We have seen Ortega argue that man is not a philosophical entity by nature, but rather that he is coerced into self-conscious reflection by the universe in order to attribute order to it. Of course, someone might object, "but isn't the impetus to question natural to man?" To this Ortega will answer that only those who want to surpass the appearances of the external world can ever become truly self-conscious entities. Only in questioning our circumstances as problematic does man truly orient himself existentially. My circumstances, in Ortega's estimation allow me to situate myself existentially amongst things. Moreover, given that man can never come to know himself reflectively in a vacuum, our awareness of our immediacy to ourselves must always be provoked. Man needs some resistance that frustrates his will in order to come to reflect upon himself historically. This is the friction necessary that allows reflection to occur. This view is the core of Ortega's belief that to understand history we must view it as a narrative that cannot exist without some protagonist. History, then, is foremost a manifestation of vital reason. Viewed as such, history is nothing other than the external rendition of all the intertwined lives that went to make.11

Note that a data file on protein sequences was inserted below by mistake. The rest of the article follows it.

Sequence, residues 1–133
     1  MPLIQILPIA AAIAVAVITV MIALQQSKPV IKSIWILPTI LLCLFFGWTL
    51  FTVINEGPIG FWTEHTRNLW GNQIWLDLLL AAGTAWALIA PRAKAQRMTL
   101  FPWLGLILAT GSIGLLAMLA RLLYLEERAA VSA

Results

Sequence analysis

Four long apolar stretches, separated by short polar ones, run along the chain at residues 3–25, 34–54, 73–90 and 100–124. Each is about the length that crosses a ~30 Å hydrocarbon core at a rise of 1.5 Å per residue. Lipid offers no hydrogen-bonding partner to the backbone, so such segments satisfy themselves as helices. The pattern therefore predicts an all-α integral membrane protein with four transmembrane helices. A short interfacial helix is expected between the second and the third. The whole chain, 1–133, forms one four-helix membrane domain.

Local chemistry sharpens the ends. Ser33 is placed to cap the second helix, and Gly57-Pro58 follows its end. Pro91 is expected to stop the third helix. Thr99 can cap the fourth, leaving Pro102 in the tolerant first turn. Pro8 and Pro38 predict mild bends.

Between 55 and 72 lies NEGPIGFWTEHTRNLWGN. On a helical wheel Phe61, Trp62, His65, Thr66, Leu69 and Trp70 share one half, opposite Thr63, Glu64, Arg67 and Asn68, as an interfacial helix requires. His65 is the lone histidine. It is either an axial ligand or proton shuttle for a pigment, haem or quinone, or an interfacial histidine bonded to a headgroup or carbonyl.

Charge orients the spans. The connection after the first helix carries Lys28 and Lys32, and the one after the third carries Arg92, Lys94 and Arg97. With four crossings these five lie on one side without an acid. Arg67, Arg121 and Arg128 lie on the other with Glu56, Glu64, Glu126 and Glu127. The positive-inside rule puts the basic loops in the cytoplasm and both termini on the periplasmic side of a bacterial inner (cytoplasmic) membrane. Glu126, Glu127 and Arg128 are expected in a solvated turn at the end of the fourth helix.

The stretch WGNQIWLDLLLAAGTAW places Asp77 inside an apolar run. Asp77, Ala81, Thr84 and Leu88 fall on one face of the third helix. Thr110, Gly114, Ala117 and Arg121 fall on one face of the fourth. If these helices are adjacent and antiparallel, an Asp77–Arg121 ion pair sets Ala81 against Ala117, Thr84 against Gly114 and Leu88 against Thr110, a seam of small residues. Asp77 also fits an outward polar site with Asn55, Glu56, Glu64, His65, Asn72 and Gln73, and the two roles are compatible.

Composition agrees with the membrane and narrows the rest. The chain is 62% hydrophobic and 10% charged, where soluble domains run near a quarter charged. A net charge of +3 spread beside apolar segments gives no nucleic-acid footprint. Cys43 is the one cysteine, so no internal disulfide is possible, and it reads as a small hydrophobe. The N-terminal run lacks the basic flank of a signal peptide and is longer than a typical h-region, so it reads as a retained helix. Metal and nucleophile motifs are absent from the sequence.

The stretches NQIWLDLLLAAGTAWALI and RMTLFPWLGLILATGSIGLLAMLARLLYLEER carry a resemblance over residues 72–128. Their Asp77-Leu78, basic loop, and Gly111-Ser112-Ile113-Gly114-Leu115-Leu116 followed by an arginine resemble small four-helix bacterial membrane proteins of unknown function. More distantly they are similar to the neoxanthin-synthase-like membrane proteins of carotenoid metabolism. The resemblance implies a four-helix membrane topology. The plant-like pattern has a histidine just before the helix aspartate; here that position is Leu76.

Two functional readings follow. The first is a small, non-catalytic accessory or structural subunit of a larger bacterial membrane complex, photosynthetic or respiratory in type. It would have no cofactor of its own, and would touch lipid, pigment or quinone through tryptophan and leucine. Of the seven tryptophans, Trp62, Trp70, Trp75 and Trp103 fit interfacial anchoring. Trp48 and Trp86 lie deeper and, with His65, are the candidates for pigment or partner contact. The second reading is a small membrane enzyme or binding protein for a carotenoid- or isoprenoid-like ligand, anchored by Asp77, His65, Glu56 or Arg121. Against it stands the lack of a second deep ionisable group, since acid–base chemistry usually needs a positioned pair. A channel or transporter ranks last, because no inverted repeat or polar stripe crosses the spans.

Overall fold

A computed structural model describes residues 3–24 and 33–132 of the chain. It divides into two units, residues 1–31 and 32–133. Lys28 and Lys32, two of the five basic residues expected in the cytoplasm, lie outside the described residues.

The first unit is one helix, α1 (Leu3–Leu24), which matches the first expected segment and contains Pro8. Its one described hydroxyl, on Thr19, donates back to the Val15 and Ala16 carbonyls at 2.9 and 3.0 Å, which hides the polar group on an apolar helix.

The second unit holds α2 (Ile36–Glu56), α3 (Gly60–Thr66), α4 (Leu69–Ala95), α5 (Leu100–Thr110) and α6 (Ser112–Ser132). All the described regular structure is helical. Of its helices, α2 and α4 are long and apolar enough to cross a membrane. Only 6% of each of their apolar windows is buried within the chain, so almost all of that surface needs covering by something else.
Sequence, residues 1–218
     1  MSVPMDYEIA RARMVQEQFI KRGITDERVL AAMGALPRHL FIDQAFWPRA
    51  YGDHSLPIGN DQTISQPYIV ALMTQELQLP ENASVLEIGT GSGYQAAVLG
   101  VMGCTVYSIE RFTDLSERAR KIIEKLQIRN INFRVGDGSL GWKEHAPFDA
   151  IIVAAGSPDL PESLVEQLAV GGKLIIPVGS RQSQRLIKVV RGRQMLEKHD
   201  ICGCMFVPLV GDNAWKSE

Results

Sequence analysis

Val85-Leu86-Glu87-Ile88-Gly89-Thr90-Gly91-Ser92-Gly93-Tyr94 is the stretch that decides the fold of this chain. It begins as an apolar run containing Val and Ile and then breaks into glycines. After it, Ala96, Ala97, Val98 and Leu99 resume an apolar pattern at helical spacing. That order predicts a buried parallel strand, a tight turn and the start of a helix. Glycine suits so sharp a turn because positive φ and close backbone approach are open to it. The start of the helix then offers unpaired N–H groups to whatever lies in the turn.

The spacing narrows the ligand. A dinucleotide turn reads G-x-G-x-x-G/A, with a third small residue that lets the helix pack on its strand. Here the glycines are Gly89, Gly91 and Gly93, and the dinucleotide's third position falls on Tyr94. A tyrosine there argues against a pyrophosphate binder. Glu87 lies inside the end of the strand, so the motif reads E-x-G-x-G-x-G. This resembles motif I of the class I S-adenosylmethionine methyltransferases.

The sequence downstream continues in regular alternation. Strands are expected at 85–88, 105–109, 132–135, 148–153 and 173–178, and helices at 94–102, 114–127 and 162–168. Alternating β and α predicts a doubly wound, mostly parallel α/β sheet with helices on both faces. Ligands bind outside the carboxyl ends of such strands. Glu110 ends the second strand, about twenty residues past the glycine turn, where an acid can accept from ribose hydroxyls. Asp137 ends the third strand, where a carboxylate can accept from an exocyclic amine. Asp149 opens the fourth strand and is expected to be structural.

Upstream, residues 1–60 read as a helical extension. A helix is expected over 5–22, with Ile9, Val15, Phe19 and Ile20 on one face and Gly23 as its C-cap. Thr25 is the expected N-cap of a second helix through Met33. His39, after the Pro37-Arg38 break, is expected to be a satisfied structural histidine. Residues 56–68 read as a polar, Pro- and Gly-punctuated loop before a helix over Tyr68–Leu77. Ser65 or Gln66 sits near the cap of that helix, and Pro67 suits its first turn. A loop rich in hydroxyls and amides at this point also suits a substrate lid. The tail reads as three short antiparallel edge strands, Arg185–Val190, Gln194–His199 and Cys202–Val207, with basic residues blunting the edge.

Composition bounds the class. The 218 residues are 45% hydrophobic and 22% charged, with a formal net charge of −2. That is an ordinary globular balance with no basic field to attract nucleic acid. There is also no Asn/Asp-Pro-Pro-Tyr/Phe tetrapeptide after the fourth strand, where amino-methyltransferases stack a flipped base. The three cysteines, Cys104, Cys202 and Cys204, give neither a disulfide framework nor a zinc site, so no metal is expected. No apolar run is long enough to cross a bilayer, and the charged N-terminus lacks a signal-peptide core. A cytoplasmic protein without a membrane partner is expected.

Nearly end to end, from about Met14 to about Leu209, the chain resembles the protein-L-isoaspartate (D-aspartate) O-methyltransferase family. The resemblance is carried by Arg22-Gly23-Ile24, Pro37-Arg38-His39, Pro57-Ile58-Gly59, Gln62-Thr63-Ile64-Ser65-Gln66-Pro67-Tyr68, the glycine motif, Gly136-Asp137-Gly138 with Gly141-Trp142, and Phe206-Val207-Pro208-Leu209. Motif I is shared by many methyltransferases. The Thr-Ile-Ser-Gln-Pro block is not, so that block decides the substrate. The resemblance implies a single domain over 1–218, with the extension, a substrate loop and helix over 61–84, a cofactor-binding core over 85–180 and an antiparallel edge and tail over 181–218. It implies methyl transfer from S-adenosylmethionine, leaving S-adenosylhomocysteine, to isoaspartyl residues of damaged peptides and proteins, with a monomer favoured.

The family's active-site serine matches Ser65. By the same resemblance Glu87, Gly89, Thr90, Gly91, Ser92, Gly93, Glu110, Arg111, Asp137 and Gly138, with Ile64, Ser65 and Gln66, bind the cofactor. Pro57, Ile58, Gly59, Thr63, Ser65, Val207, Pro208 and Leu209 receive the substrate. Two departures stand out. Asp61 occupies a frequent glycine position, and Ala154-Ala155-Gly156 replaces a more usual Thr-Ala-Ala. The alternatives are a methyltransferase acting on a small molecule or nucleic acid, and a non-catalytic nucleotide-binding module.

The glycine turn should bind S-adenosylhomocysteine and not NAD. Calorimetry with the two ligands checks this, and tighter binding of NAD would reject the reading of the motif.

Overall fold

To conclude, let us then reiterate that my circumstances, when constituted of the external world plus my biological life, are a pre-reflective reality that can only become immediate vis-a-vis the interior, intimate "I" that is the true center of man. To exist is always to exist amongst other things that create a situation for us to live in. But to attempt to interpret reality is to find oneself caught in a material web that essentially leads us into finding ourselves as interiority. As Ortega points out, "on finding himself alive, man finds himself in a circumstance, a set of surrounding, a world" (77).
Therefore to say "I am I and my circumstances" is not simply to say that one is limited by one's circumstances as it may first appear. To say I am I and my circumstances is a definition of man that can be interpreted as "man is self-conscious of himself only insofar as he is reflective concerning his surroundings." Thus, the Socratic dictum "know thyself' according to Ortega can never happen immediately, but rather requires a dialectical detour that takes place due to the original fact that man finds himself existing outside himself in the world in the first place. This vital dialectical process of self-orientation culminates in understanding myself as radical-reality.12
6. This concept is at the heart of Ortega's notion of Ensimismamiento (authenticity) which he fully develops some time later in his work Ideas Y Creencias (Ideas and Beliefs) This book proves to be one of Ortega's more "systematic" and existential works. Ideas and Beliefs also serves in helping to understand his idea of subjectivity and objectivity.